Email: [email protected]
Phone: +33 1 60 72 48 54
Economic Sociology, Social and Cultural Networks, Status, Higher Education, popular culture
Organisational Behaviour, Organisational Theory
Noah Askin is an Assistant Professor of Organisational Behaviour at INSEAD, where he teaches the organisational design and leadership core course in the MBA program. His teaching focuses primarily on firms’ organisational-strategic alignment, leading and experiencing organisational change, managing corporate culture, and utilizing social networks.
Noah is interested in social and cultural networks, the antecedents and consequences of creativity and innovation, the production and consumption of culture, and the dynamics of organisational and individual status. His current research is divided among these interests in two streams. The first is around the creation and performance of cultural products: music chart and industry dynamics, what factors contribute to creativity, the tradeoffs associated with being innovative, the implications of the shift to digital distribution, and the analysis of culture using big data. The second area of research is around the role and impact of network- and rankings-based status on organisations. His work, which has garnered him recognition on the Thinkers 50 Radar list, has appeared in Administrative Science Quarterly, computational social science publications, and been covered in Forbes, Quartz.com, The Times of London, and music industry blogs.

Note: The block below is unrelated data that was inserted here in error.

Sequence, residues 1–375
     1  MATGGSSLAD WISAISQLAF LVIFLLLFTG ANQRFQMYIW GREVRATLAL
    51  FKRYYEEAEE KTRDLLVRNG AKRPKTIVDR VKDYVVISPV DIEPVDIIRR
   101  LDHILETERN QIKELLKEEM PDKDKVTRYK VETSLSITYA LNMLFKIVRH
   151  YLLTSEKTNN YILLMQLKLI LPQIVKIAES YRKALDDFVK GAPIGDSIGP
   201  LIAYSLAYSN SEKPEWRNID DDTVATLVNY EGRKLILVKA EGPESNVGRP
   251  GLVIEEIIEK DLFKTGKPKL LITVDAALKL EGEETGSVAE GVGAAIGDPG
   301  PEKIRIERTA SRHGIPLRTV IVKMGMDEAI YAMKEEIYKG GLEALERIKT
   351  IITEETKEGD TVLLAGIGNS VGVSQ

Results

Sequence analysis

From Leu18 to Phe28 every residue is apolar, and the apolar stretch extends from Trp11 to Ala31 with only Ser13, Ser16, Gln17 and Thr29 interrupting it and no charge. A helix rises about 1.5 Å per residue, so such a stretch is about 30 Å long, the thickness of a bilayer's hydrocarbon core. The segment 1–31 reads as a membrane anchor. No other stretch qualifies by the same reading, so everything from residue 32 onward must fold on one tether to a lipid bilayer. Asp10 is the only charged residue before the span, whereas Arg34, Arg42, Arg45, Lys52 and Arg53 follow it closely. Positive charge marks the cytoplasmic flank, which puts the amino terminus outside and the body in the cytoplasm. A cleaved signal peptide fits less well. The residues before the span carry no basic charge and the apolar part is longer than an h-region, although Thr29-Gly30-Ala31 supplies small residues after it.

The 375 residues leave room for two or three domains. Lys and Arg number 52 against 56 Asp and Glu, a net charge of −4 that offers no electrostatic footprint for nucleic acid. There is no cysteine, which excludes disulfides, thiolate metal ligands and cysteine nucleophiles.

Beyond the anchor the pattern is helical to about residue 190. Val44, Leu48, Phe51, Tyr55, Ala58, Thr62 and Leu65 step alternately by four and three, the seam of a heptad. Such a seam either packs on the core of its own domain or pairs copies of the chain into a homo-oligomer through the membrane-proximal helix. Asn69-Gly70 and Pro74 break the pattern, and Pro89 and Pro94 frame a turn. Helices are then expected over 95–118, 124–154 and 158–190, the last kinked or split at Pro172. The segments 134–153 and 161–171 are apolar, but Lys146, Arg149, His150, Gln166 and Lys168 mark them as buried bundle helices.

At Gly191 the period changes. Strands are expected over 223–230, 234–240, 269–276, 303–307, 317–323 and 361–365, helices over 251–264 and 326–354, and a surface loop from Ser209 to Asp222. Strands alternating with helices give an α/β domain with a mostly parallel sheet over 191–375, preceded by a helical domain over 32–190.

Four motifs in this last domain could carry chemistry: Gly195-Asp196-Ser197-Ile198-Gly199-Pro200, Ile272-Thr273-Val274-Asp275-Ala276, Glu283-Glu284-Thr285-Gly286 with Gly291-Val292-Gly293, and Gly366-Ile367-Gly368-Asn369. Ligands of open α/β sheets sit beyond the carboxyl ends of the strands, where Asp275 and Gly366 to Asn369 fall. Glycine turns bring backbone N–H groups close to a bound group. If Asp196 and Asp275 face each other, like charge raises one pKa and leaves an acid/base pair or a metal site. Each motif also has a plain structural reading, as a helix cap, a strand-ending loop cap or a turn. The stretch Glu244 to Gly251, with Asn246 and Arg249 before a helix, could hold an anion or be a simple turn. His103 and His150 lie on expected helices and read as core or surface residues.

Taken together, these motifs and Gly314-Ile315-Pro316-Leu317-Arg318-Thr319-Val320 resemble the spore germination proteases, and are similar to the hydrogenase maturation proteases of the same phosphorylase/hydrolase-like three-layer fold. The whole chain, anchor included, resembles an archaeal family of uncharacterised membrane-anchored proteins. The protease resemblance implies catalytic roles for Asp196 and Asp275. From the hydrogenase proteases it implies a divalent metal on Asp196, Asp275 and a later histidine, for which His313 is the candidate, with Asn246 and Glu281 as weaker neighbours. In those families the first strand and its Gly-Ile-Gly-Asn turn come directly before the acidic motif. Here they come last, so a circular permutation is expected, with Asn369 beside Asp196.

Prior to becoming a business school academic, Noah had a number of roles in the business and not-for-profit sectors. He was a management consultant for the Monitor Group, working in its strategy practice and its Executive Development group. This was followed by several years as an early member of a start-up in the educational services space. Noah received a joint PhD from the University of Chicago’s Booth School of Business and its Sociology department. He also has an MA in Sociology from the University of Chicago and an MBA from Booth, as well as an AB in Psychology from Harvard University.